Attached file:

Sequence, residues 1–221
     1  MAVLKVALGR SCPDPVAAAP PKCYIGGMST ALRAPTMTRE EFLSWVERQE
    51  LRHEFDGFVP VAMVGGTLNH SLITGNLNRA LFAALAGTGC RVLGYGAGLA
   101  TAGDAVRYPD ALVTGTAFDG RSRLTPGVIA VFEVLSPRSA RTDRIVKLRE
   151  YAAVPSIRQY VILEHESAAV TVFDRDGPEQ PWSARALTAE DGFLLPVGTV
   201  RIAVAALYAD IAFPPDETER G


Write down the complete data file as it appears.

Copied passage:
Sequence, residues 1–221
     1  MAVLKVALGR SCPDPVAAAP PKCYIGGMST ALRAPTMTRE EFLSWVERQE
    51  LRHEFDGFVP VAMVGGTLNH SLITGNLNRA LFAALAGTGC RVLGYGAGLA
   101  TAGDAVRYPD ALVTGTAFDG RSRLTPGVIA VFEVLSPRSA RTDRIVKLRE
   151  YAAVPSIRQY VILEHESAAV TVFDRDGPEQ PWSARALTAE DGFLLPVGTV
   201  RIAVAALYAD IAFPPDETER G